Venture capital firms find Bristol’s tech scale-up sector fertile ground for investment

February 22, 2019
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Bristol’s burgeoning tech industry is making the city a hub of scale-up activity and a magnet for venture capital investment, according to new research by global accountancy group KPMG.

Of the £364m invested in 21 new businesses across the South West last year, some £307m went to Bristol businesses, KPMG’s Venture Pulse survey shows. 

The biggest investments were $200m (£153m) in Graphcore, the semiconductor company that develops accelerators for AI and machine learning, £35m in Ultrahaptics, the world leader in mid-air touch technology, and $40m (£30.6m) went to KETS Quantum Security, which is developing a range of future-proof, cost-effective technologies for quantum-secured communications.

KPMG Bristol partner Kay Drury, pictured, said: “Over the past decade Bristol has established itself as an engine of start-up creativity. We can now see that the start-ups have moved onto the next level, having proved their product to the market as well as their financial model.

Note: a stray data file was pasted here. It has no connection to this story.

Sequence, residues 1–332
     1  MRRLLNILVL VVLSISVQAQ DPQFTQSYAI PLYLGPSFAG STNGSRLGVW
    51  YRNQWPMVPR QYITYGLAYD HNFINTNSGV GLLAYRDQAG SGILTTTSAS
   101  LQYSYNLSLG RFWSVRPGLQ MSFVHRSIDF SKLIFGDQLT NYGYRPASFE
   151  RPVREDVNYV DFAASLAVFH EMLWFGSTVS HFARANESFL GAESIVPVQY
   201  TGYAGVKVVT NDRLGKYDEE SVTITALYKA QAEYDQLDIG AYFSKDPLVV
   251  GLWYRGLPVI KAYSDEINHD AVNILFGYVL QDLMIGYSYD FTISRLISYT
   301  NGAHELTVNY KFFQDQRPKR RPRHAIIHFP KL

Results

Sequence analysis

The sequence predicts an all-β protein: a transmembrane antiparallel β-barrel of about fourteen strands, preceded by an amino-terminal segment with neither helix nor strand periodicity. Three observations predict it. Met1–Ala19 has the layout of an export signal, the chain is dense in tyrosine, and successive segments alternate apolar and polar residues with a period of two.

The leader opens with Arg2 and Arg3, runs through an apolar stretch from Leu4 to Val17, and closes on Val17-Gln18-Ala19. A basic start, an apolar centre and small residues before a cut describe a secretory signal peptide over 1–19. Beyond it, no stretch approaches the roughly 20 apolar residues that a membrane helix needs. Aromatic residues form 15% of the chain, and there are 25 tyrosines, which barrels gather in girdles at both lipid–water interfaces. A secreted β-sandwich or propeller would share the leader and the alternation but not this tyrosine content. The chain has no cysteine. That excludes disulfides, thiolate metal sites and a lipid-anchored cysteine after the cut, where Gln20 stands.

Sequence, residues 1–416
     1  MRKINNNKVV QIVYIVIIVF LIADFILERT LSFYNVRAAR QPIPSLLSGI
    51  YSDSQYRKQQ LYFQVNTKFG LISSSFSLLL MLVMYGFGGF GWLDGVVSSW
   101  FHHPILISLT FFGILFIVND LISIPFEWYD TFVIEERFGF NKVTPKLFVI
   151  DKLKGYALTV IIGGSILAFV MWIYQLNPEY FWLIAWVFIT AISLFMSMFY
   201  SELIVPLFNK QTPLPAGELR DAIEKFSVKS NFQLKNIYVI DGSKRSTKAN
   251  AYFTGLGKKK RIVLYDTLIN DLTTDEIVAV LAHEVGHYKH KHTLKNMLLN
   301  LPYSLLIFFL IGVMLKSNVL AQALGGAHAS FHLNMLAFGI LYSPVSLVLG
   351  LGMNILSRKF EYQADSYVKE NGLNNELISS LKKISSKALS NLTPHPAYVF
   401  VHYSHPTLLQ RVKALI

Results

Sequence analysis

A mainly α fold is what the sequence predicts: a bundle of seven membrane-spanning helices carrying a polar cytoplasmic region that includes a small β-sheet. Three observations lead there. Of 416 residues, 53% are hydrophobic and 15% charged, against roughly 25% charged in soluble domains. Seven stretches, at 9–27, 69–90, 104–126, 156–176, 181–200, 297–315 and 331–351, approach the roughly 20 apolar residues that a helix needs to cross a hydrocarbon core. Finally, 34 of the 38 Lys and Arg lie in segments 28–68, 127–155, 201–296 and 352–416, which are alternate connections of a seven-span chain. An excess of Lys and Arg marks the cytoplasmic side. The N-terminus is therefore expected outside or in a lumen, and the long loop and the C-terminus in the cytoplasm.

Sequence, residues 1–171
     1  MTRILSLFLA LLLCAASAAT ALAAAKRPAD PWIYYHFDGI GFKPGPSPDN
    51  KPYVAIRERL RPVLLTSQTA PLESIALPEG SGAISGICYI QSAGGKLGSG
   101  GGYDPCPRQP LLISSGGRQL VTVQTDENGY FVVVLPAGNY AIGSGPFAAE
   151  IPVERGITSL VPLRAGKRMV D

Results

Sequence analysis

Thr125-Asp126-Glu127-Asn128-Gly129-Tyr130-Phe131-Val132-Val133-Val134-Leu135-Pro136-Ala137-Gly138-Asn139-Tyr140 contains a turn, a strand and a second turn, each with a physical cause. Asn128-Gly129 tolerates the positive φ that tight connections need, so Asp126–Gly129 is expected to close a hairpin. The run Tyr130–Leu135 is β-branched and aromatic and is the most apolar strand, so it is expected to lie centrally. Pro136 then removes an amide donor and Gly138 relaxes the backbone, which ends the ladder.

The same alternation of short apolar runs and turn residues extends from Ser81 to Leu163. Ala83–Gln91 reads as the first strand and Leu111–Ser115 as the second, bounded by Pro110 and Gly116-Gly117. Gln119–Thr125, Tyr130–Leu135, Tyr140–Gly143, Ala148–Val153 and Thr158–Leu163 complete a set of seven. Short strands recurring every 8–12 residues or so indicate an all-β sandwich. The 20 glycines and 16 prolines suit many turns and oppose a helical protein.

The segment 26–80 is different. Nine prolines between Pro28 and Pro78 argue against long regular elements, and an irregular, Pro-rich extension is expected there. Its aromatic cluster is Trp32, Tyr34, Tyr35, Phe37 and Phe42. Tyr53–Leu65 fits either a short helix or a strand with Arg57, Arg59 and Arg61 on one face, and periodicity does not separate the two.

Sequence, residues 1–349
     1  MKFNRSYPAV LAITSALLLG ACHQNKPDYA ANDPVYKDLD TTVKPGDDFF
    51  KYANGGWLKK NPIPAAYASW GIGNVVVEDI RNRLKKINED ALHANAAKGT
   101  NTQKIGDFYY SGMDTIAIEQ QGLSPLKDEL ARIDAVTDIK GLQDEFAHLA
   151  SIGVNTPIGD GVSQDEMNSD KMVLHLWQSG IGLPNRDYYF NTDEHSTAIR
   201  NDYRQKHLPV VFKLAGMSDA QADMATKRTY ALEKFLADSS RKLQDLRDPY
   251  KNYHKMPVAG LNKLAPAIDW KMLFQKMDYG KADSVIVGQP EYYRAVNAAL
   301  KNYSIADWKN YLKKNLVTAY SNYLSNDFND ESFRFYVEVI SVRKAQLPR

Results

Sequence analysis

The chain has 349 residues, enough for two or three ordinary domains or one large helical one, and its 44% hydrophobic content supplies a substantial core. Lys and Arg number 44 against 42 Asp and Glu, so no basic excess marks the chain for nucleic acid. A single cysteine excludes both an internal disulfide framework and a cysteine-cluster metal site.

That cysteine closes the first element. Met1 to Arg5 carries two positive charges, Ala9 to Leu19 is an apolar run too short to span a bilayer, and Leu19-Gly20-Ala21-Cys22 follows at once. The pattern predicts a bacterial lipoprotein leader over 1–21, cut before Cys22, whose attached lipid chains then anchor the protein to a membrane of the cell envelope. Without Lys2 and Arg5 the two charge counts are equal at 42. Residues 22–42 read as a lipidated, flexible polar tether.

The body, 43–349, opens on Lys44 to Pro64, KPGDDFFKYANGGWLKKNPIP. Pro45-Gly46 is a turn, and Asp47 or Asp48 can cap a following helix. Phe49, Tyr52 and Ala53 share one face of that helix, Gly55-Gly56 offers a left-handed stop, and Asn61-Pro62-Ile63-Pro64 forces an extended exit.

“Investors who traditionally focus on London are now well aware of the South West and this is helping local businesses to secure the attention and investment they need to grow.”

From a UK wide perspective, KPMG’s Venture Pulse survey showed that despite ongoing uncertainty around Brexit, the UK continued to attract significant levels of venture capital.

Against a total investment in Europe of $24.4bn last year, $7.7bn went to the UK – an amount 1.5 times the level invested in fast-growth businesses in Germany, and 2.6 times the level of investment seen by the start-up ecosystem in France. 

Head of KPMG’s innovative start-up practice Patrick Imbach said: “For years now, the true implications of Brexit have remained open questions, however, the venture ecosystem would appear to have been unaffected so far. Global VC investors continue to be attracted to good quality UK businesses, and are particularly focused on larger and later stage deals. 

“Like the rest of Europe, the UK has seen a decline in the number of completed financings towards the end of 2018, indicating that as the deadline approaches, investors are starting to grow more cautious, waiting to see whether a plan materialises. 

“Concern around competing for talent will dominate conversations being had by entrepreneurs across the UK and could impact the growth of innovation and our start-up sector as we face what is likely to be a challenging year ahead.”

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